NATIVE SPEAKERS: what's the best, mostest correctest term for the hot beverages sold by Starbucks, coffee shops etc? Is it "take out coffee"? "Coffee to go"?

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@carlo Where I am from in the USA it's common to say "I'd like a ________ to go" when ordering at a register.

@carlo Also the phrase "Take away" that's common here in Switzerland would be viewed almost certainly as "broken English" back in the USA.

Instead it is common to use "take out" as a noun for "the food that I will be taking away from the restaurant to consume elsewhere".

Ex: "Hey how do you feel about getting some take out from the new Mongolian place down the street?"

@carlo Since Coffee is a liquid and not a food, referring to it as "take out" is conceptually strange.

Ex: "I got a coffee to-go" sounds normal, "I got a coffee take out" or "I got a coffee take away" both sound strange.

IDK how things are in the UK with the Queen's English.

@cj Thanks!

Also: I wholeheartedly approve of your profile picture choice.

@carlo just "coffee"? I might say coffee to go but that's an instruction, not a name of the product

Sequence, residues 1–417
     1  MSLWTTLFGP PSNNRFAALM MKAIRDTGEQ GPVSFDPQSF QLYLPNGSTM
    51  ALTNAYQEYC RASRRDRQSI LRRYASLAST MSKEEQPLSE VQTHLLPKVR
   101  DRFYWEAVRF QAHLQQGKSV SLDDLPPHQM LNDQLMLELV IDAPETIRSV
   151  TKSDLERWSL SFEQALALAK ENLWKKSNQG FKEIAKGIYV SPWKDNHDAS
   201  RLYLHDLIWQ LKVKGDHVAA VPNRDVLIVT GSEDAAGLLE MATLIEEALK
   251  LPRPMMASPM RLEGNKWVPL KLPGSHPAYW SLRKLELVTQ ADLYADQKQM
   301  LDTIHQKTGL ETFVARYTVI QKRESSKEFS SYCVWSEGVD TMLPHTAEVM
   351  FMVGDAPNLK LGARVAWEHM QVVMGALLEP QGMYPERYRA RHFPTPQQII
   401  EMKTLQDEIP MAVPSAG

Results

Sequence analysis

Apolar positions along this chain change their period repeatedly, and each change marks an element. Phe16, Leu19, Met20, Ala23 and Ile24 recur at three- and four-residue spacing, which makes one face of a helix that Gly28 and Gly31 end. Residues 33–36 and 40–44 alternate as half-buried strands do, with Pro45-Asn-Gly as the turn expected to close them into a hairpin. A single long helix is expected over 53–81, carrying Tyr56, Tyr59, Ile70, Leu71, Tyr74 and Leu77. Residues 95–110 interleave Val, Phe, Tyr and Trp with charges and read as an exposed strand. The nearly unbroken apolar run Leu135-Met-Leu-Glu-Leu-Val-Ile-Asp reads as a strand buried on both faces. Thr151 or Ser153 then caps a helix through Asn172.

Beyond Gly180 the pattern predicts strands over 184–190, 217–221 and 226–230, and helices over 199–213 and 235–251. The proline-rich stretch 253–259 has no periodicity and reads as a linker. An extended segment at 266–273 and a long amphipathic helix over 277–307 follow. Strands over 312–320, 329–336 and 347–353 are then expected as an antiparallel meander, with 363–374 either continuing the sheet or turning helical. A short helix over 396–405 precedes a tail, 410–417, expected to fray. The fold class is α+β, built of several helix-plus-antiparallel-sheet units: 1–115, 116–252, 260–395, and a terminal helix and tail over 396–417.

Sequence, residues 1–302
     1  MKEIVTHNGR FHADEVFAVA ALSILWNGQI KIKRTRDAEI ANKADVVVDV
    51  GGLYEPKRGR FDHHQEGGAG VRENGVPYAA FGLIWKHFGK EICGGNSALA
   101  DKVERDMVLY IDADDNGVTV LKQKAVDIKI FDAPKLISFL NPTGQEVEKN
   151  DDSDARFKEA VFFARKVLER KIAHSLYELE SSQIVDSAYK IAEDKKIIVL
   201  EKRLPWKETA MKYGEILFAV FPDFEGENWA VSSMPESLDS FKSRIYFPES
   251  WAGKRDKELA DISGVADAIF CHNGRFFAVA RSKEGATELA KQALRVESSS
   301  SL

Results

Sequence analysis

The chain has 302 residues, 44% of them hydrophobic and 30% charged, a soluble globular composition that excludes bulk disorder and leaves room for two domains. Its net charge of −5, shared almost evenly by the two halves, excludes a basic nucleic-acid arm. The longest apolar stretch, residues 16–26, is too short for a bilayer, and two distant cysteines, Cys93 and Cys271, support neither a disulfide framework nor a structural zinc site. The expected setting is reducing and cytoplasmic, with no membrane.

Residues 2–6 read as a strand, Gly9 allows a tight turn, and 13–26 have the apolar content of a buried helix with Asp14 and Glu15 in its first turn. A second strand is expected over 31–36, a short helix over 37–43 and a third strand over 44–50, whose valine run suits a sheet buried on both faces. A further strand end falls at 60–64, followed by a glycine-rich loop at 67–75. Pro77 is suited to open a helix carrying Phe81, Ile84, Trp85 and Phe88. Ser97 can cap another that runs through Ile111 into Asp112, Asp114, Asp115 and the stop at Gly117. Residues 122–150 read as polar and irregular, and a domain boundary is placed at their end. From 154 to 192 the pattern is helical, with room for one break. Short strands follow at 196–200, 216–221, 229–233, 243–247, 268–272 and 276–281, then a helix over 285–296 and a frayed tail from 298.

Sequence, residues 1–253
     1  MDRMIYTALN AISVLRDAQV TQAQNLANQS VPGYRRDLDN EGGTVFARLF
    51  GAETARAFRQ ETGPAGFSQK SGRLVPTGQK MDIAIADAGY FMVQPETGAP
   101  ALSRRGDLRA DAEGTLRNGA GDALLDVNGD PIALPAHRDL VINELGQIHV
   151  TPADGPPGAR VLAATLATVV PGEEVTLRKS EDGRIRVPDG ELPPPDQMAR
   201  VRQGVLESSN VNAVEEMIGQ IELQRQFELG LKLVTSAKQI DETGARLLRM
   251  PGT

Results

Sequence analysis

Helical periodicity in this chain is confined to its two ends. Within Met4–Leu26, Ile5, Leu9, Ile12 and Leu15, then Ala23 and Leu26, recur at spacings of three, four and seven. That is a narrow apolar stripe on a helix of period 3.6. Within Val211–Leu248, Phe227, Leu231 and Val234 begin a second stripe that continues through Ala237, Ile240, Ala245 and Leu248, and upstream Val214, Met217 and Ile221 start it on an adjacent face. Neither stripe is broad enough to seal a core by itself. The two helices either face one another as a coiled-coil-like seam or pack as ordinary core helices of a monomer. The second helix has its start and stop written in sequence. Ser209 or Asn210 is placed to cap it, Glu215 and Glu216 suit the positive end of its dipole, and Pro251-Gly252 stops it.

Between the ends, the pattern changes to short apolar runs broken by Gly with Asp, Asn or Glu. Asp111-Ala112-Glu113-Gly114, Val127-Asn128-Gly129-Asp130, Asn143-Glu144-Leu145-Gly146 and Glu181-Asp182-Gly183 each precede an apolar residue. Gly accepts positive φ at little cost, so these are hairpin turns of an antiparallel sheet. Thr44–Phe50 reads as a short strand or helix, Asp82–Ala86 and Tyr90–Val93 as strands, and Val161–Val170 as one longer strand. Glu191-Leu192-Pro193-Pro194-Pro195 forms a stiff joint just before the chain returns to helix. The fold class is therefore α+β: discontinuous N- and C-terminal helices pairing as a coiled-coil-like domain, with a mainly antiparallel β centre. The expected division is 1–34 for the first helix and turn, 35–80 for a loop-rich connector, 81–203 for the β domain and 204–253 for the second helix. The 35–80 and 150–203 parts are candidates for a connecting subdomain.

@stardot Tru dat, but if the store sells coffee for sitting down there and coffee for when you're on the run, how do you specify your order?

@carlo they usually say "are you sitting in or taking out" and you just answer that question. It's not really been folded into the product name, at least not for me but then I rarely buy coffee from shops like that, I'm still a bit concerned when they ask for my name.

@carlo I wouldn't say "mostest correctest term". I would say "most correct"...

Well, how are you using that in a sentence?

Are you asking the barista for a cup?

If so, yes "can I have one coffee to go" would be a way of saying that.

But in Australia, "take out coffee" might make sense since they use the term "take out" more often. In California, at least, I hear "coffee to go" very often.

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